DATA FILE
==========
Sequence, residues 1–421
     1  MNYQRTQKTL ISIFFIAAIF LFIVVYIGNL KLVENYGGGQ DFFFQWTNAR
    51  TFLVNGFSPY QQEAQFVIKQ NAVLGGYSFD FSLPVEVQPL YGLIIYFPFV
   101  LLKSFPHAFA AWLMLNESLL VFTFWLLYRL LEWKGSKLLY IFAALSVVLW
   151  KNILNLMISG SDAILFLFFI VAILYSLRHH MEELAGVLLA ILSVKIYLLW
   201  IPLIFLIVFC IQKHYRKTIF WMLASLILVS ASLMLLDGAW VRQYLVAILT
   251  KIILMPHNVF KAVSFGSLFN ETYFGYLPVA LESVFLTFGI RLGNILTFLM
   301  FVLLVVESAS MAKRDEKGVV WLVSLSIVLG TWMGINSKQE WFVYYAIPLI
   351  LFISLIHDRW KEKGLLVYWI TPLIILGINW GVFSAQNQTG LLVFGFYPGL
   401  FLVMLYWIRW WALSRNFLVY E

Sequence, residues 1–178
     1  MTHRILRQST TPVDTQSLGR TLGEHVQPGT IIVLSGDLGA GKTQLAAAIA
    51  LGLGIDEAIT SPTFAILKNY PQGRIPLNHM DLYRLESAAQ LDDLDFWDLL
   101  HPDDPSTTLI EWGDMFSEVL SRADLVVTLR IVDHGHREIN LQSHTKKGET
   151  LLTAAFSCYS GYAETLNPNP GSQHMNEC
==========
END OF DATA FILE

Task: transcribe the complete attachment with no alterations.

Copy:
Sequence, residues 1–421
     1  MNYQRTQKTL ISIFFIAAIF LFIVVYIGNL KLVENYGGGQ DFFFQWTNAR
    51  TFLVNGFSPY QQEAQFVIKQ NAVLGGYSFD FSLPVEVQPL YGLIIYFPFV
   101  LLKSFPHAFA AWLMLNESLL VFTFWLLYRL LEWKGSKLLY IFAALSVVLW
   151  KNILNLMISG SDAILFLFFI VAILYSLRHH MEELAGVLLA ILSVKIYLLW
   201  IPLIFLIVFC IQKHYRKTIF WMLASLILVS ASLMLLDGAW VRQYLVAILT
   251  KIILMPHNVF KAVSFGSLFN ETYFGYLPVA LESVFLTFGI RLGNILTFLM
   301  FVLLVVESAS MAKRDEKGVV WLVSLSIVLG TWMGINSKQE WFVYYAIPLI
   351  LFISLIHDRW KEKGLLVYWI TPLIILGINW GVFSAQNQTG LLVFGFYPGL
   401  FLVMLYWIRW WALSRNFLVY E

Sequence, residues 1–178
     1  MTHRILRQST TPVDTQSLGR TLGEHVQPGT IIVLSGDLGA GKTQLAAAIA
    51  LGLGIDEAIT SPTFAILKNY PQGRIPLNHM DLYRLESAAQ LDDLDFWDLL
   101  HPDDPSTTLI EWGDMFSEVL SRADLVVTLR IVDHGHREIN LQSHTKKGET
   151  LLTAAFSCYS GYAETLNPNP GSQHMNEC